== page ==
ANALYTICAL PROGRAMMES
Left - 5 MV accelerator mass spectrometer (NEC), SUERC

Analytical programmes

AMS programme

We prepare c. 1,300 samples and quality control standards to graphite every year, which are analysed at the SUERC AMS Facility, located adjacent to the NRCF (East Kilbride), and which currently has two accelerator mass spectrometers: 5 MV and 250 kV single stage. AMS sourceSubmitted samples are pre-treated, chemically and/or physically to remove any unwanted material from each sample before converting them to carbon dioxide (by combustion or, for carbonates, by acid hydrolysis) and then to graphite. The Radiocarbon WEB-info site has a comprehensive section on pre-treatment methods and the reasons for using the different methods. A typical sample for AMS dating would contain 1-2 mg of carbon (the weight of raw sample material depends on the sample type (see below), although we do prepare smaller samples). Larger samples are welcome and in some cases, for homogeneity reasons, may be more appropriate. All radiocarbon measurements are performed at the SUERC AMS facility using either the 5 MV or 250 kV NEC accelerator mass spectrometers.


Sample types

The following outlines the types of samples we prepare at NRCF (East Kilbride). Please contact us if you have other requirements not listed below. For routine AMS 14C analysis, only 1-2 mg carbon is required, although we can work with smaller or larger amounts. Although all samples are now analysed by AMS, we still retain the capability to analyse the large (1-2 g carbon) sized samples that would previously have been analysed using the radiometric (liquid scintillation counting) method - this may be appropriate for samples with multiple sources of carbon such as soils.

Graphitization line
  • Plant macrofossils
  • Charcoal, wood, twigs and seeds
  • Shell, coral and foraminifera
  • Peat, soil (for dating and carbon turnover studies)
  • Carbon dioxide (e.g. soil respiration, evasion from water surfaces, atmospheric CO2)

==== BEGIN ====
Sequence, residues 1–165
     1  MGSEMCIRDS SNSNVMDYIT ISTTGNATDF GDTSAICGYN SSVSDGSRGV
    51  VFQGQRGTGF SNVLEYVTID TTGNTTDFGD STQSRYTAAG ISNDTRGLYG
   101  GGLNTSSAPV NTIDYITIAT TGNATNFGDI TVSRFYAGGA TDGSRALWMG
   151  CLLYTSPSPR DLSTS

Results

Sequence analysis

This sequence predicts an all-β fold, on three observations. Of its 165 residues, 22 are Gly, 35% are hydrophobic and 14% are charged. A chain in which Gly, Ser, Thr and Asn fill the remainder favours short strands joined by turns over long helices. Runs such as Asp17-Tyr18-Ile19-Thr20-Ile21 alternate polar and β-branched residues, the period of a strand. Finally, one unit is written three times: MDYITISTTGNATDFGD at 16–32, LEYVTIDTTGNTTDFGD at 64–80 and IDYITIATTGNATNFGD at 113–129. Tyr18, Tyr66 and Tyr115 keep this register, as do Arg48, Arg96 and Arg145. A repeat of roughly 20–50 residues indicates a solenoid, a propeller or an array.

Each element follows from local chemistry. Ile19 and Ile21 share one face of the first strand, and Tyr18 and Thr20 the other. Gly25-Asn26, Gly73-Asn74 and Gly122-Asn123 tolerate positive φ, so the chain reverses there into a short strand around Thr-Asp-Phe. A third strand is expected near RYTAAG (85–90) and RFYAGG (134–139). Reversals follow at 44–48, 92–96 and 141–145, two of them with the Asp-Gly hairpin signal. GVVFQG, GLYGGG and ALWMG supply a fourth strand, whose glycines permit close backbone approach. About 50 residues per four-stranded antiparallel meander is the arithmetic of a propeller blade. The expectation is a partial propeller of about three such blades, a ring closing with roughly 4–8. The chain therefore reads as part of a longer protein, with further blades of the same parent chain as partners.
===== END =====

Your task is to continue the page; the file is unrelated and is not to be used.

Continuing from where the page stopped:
• Lake sediments (gyttja), marine sediments and organic sands
  • Pollen concentrates
  • Dissolved organic carbon (DOC)
  • Particulate organic carbon (POC)
  • Bone and animal remains (including soil mesofauna; e.g. enchytraeid and earthworms)
  • Methane
  • Speleothems
  • Tufa
  • Hydrocarbon fractions

In estimating how much carbon your raw sample contains, the % carbon content should be taken into account, as well as the sample purity (is there non-carbon material adhering to the sample, e.g. clay minerals or sand, which will affect the overall % carbon content by dry weight?) and whether your sample is wet. If you are unsure about how much material to submit please contact us.


Sample collection and storage

Guidance on the collection and storage of samples for radiocarbon analysis/dating can be obtained from the Radiocarbon WEB-info site. In general, the main objective should be to avoid the addition of extraneous material. If you are unsure about sample collection or storage please contact us.


Radiometric programme

Since 2005 the lab ceased to perform radiocarbon measurement by the liquid scintillation counting technique which determined 14C activity via the measurement of beta decay. This method required samples of greater than c. 1 g of carbon and since the changing needs of the user community have been for the analysis of progressively smaller samples, the lab now concentrates on analysis using AMS only. It is important to note that the lab still retains the ability to analyse all large samples that would previously have been measured using the radiometric method.

Results from the radiometric programme (up to 1988) have been published in date lists, and later results are available from this website


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